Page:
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EAS Doctoral Proposal Defense by Danilo Gianni Zeppilli

When: Monday, August 22, 2022
10:00 AM - 12:00 PM
Where: Online
Description: EAS Doctoral Proposal Defense

by Danilo Gianni Zeppilli

Date: Monday, August 22, 2022
Time: 10:00 a.m.

Topic: The Behavior of Crushable Problematic Calcareous and Glauconitic Soils

Zoom Teleconference:


Soil is primarily composed of solid particles created by weathering, but commonly found in our coastal zones are soils which are made of particles with internal voids created by biologic influence. Two soils of such nature are Calcareous and Glauconitic marine sediments. Calcareous soils are made of Calcium Carbonate and are formed when biologic organisms in the ocean such as foraminifera, algae, coral, and mollusks die and discard their shells or tests or through precipitation which then make its way to the ocean floor. Due to their hollow nature these sediments have various densities depending on their particle size while sand-sized particles have lower densities than fine-grained particles. Glauconitic soils are made of iron and potassium, have internal cracks and fissures, and begin forming in marine and estuarine environments at the water-soil boundary. These two types of soils are fragile and brittle in nature due to their internal voids and can lead to many problematic behaviors during construction. When calcareous soils are loaded through pile driving and foundation construction, pile running, and increased compressibility are expected responses that must be carefully considered. Where glauconite soils are concerned particle breakage leads to pile driving resistance and decreases in bearing capacity as well as adhesion to piles upon their removal. This proposed dissertation research aims to investigate properties of these two problematic soils and determine the mechanisms behind their concerning responses.

The first chapter of this proposed research will investigate the crushing of sands containing voids within the particles and the trends of void ratio and particle size evolutions during compression. This chapter aims to determine differences between hollow and solid soil crushing. The second chapter will look at the differences in specific gravity, particle sizes, plasticity, and shearing behaviors between uncrushed and crushed glauconitic soils. This will aid in insight on classifying these soils and their behaviors during pile driving and loading. Chapter three will look at differences in the transitional fines content (TFC) of a soil which has a variation in density between coarse- and fine- grained particles through hydraulic and compressive behavior. The TFC of typical soils is around 30% fine grained particle, and it is suspected that when the fines portion has a higher specific gravity, this content will be lower. Finally, the fourth chapter will investigate the triaxial compression of a sand containing hollow fragile particles. This chapter will utilize X-Ray micro computed tomography (µCT) to track the compression and crushing of hollow particles when consolidation and shear compression occurs. Through these four chapters, the mechanical responses of several brittle and crushable soils which contain internal void space will be investigated to aid in determining classification of these problematic soils.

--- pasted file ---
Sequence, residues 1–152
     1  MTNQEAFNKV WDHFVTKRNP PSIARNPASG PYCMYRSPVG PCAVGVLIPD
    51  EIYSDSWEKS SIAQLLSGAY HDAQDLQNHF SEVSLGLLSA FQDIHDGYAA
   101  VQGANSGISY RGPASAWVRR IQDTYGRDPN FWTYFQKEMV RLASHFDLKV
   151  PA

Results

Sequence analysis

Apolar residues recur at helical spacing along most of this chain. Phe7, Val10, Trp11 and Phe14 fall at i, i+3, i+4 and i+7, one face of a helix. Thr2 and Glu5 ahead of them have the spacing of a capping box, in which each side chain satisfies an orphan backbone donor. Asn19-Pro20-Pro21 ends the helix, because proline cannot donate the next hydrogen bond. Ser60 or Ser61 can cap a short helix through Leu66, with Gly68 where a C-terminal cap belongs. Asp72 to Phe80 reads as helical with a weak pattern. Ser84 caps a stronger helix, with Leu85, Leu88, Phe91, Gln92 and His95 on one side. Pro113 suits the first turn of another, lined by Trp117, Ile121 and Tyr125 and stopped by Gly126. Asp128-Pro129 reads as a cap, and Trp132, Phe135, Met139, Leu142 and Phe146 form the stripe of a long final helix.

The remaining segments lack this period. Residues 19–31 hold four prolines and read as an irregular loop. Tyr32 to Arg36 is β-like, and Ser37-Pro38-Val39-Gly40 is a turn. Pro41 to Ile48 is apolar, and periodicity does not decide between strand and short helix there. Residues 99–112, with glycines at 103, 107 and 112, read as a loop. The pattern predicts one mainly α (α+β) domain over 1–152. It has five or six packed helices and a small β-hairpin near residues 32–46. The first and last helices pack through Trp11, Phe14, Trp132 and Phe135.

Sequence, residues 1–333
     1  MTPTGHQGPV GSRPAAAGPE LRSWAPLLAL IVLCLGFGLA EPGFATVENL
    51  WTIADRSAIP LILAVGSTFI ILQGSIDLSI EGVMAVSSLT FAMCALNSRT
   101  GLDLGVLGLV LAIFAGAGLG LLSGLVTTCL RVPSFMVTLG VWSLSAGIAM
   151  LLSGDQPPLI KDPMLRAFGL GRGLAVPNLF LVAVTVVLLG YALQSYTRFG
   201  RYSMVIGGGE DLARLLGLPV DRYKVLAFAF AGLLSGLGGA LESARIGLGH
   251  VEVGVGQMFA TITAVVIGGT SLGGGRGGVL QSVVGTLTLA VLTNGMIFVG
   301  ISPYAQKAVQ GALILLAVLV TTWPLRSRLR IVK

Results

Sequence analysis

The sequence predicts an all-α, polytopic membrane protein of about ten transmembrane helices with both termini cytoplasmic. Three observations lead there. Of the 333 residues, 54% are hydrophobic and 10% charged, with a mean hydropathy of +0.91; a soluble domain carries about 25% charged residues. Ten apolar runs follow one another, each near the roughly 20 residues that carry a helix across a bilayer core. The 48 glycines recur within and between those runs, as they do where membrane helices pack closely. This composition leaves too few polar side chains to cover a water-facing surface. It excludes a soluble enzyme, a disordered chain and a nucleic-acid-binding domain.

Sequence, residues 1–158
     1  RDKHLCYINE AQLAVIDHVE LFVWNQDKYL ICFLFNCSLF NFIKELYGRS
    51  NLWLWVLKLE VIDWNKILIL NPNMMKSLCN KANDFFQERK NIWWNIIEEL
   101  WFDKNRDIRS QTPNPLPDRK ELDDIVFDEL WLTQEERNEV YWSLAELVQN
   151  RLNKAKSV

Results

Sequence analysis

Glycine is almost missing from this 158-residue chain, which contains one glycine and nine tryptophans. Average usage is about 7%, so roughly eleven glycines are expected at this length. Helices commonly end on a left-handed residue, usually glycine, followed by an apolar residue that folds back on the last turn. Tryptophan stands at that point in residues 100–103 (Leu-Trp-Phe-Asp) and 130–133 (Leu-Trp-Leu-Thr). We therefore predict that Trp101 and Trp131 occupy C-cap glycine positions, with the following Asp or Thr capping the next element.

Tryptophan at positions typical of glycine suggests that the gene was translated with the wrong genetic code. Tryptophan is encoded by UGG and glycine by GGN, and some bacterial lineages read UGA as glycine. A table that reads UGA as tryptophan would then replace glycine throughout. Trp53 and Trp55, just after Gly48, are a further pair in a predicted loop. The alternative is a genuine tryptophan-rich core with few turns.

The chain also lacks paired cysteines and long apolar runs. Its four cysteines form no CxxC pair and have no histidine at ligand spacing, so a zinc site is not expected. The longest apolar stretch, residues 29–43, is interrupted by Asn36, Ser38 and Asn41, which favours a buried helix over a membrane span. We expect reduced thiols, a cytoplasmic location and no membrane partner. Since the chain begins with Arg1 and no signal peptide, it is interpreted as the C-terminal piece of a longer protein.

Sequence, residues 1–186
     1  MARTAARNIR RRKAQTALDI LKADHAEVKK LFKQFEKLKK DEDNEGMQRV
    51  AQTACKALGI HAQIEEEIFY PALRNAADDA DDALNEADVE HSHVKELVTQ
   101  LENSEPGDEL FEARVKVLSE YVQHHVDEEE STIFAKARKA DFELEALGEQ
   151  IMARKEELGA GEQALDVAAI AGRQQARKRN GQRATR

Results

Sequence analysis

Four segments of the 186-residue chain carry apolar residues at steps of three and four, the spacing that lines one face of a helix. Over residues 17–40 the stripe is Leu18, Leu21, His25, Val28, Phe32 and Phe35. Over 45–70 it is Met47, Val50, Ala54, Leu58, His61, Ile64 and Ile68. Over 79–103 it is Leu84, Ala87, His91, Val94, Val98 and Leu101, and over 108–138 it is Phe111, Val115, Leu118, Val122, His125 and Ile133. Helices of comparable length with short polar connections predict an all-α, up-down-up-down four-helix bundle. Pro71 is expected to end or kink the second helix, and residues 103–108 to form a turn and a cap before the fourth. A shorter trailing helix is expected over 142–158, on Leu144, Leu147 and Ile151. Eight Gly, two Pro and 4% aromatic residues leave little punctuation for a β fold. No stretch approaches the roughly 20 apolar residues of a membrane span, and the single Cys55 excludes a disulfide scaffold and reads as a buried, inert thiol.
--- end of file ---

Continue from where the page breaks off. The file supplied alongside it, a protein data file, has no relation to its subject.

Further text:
ADVISOR(S): Dr. Ryan Beemer, Department of Civil and Environmental Engineering

(, 508.999.8416)

COMMITTEE MEMBERS: Dr. Daniel MacDonald, Civil and Environmental Engineering

Dr. Walaa Mogawer, Civil and Environmental Engineering

Dr. Cynthia Pilskaln, SMAST/Estuarine & Ocean Sciences

Dr. Santiago Quinteros, Norwegian Geotechnical Institute

NOTE: All EAS Students are ENCOURAGED to attend.
Contact: > See Description for contact information
Topical Areas: Faculty, Students, Students, Graduate, Bioengineering, Civil and Environmental Engineering, College of Engineering, Computer and Information Science, Co-op Program, Electrical and Computer Engineering, Mechanical Engineering, Physics